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How Common are Hamstring Injuries…

While hamstring injuries can happen to an athlete during a practice or a game, it’s actually much more common for you to experience hamstring problems related to everyday activities. 

How many times a week or even a day do you have to do any of these things?

  • Bending at waist
    • You have to reach down to pick up your child’s toy or put some documents in a lower filing cabinet drawer. Maybe this weekend you were doing things around the house undoubtedly you had to bend at the waist to garden or do yard work or get laundry our of the washer or dryer.
  • Exercising
    • You can to walk from point A to point B a million times a day, whether that’s to walk the dog, walk to the car or walk around the block. You may run or go hiking for exercise.
    • Weight lifting
    • Athletic injury – torn or pulled hamstring
  • Any repetitive activity

These are all examples of movements that require your hamstring muscles and if done incorrectly, can lead to hamstring problems.

What happens that causes problems in the hamstring:

The hamstring is located in the back of your leg. It’s a very long muscle that needs to be stretched a lot especially considering how many times a day we have to bend or complete basic activities or exercise. Most people have very tight hamstrings, which means those muscles aren’t long enough to properly complete the particular activity once, much less several times.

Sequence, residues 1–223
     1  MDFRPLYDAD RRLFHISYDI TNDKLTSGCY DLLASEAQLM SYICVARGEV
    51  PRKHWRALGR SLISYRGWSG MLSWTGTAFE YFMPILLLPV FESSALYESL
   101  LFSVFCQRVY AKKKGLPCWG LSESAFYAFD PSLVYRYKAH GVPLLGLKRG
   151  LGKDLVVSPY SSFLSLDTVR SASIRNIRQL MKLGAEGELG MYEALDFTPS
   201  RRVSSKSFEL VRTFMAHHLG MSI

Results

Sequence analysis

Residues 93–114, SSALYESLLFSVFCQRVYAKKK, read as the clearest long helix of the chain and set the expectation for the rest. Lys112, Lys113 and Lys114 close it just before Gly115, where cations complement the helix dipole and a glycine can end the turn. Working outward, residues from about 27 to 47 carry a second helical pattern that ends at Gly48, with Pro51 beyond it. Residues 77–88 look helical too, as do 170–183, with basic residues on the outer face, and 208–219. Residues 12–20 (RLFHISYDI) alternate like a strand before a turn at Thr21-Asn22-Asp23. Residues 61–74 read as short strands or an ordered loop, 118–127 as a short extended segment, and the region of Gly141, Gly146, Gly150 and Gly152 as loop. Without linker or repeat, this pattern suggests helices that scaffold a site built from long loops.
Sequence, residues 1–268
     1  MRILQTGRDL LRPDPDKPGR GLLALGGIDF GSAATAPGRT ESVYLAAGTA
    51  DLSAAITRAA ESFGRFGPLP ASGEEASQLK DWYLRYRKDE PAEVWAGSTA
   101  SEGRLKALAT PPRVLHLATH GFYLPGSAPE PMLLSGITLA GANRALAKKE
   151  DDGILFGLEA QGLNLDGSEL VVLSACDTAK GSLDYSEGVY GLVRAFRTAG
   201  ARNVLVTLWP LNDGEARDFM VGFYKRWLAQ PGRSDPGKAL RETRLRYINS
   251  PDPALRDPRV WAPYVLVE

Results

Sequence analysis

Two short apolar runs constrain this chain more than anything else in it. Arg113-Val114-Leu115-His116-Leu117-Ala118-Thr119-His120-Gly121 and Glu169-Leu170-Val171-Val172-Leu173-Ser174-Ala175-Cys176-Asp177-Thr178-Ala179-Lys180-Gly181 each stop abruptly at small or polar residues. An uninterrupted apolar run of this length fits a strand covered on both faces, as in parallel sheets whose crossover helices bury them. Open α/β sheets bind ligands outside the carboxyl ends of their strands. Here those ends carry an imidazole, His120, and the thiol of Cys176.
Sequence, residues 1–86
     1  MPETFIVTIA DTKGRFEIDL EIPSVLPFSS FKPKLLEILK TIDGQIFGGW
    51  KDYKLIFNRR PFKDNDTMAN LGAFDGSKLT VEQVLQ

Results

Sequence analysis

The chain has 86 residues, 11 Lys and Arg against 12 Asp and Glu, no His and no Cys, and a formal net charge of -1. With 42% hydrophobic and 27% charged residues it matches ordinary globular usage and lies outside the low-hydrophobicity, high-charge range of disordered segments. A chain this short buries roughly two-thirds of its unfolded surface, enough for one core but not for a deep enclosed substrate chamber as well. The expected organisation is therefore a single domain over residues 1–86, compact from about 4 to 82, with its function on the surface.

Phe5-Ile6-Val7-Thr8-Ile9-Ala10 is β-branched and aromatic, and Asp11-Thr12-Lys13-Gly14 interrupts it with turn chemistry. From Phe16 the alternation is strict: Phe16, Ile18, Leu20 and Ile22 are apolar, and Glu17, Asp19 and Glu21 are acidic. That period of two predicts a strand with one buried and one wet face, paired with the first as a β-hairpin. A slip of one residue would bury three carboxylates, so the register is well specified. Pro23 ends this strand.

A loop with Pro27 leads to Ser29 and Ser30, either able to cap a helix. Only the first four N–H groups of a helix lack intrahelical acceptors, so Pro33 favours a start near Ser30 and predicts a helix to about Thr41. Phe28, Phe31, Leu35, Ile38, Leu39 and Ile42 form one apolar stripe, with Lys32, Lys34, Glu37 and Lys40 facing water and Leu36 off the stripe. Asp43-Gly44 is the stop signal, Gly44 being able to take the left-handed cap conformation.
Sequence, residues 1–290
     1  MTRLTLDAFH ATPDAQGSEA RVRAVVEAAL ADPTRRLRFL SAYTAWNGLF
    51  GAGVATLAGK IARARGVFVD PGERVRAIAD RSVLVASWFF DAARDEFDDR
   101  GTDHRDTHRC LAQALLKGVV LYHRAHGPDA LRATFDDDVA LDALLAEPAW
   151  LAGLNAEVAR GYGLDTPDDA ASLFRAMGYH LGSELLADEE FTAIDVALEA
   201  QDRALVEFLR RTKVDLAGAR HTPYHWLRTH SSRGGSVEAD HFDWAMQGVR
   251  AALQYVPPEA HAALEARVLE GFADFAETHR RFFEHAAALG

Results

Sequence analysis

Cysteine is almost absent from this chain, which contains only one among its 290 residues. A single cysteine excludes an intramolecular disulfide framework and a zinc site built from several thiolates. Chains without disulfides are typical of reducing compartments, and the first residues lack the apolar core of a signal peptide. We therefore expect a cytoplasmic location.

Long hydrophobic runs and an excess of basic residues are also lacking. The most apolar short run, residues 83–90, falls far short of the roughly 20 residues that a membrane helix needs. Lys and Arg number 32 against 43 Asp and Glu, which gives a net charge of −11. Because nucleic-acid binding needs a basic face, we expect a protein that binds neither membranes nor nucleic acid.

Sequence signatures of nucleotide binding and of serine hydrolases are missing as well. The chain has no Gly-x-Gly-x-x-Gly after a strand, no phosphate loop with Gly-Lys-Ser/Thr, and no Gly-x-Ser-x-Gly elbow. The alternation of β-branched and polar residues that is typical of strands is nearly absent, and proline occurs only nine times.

The second common cause of hamstring injuries is that this muscle is a big shock absorber. When you walk, run or perform daily activities, it’s your hamstring’s job to absorb that impact so that your back, knee joints, pelvis or hips don’t have to absorb that force.

The third common cause of hamstring problems is weakness. Because it is a very long muscle, most people, even athletes, actually have very weak hamstrings. This weakness causes tightness even with very mild activities. This tightness makes it so you can’t fully stretch that muscle through the full range of movement.

Think about the everyday task of walking:

  • When you take a step, the hamstring needs to stretch out to allow you to take a step.
  • It must immediately switch over to being a shock absorber and absorb the impact when your heel strikes the ground.
  • When that hamstring is weak or not conditioned correctly, it will have a difficult time creating force to propel or pull you through the step.

What can happen when a hamstring problem such as tightness or weakness, isn’t handled right away?

  1. You will feel pain in the hamstring muscle itself.
  2. You will start to feel stiffness and soreness throughout your leg which will make things like walking, changing positions (getting in and out of the car or a chair etc) and using stairs.
  3. You will start to have lower back pain.
  4. You will start to feel pain in your knees.
  5. You will start to have discomfort in your calves.

You can see, something as seemingly minor as hamstring tightness, when not handled right away, has a trickle down and up effect on the body and can start making simple tasks painful and difficult.

How do I know if I have a hamstring problem? Ask yourself or someone you know these questions:

  • Do you have pain and stiffness in your legs?
  • Do you have knee pain or discomfort?
  • Do you have back pain or discomfort?
  • Do you have problems walking, running or being active?

These are signs of a possible hamstring problem that has not “healed” on its own and should get checked out right away. 

By Mike Bills, MSPT

Loudoun Sports Therapy Center can help you handle your hamstring problems and prevent them from becoming a more serious issue. CALL TODAY at 703-450-4300 and get scheduled for an evaluation so you can get this problem handled once and for all!

CLICK HERE for a simple hamstring stretch.

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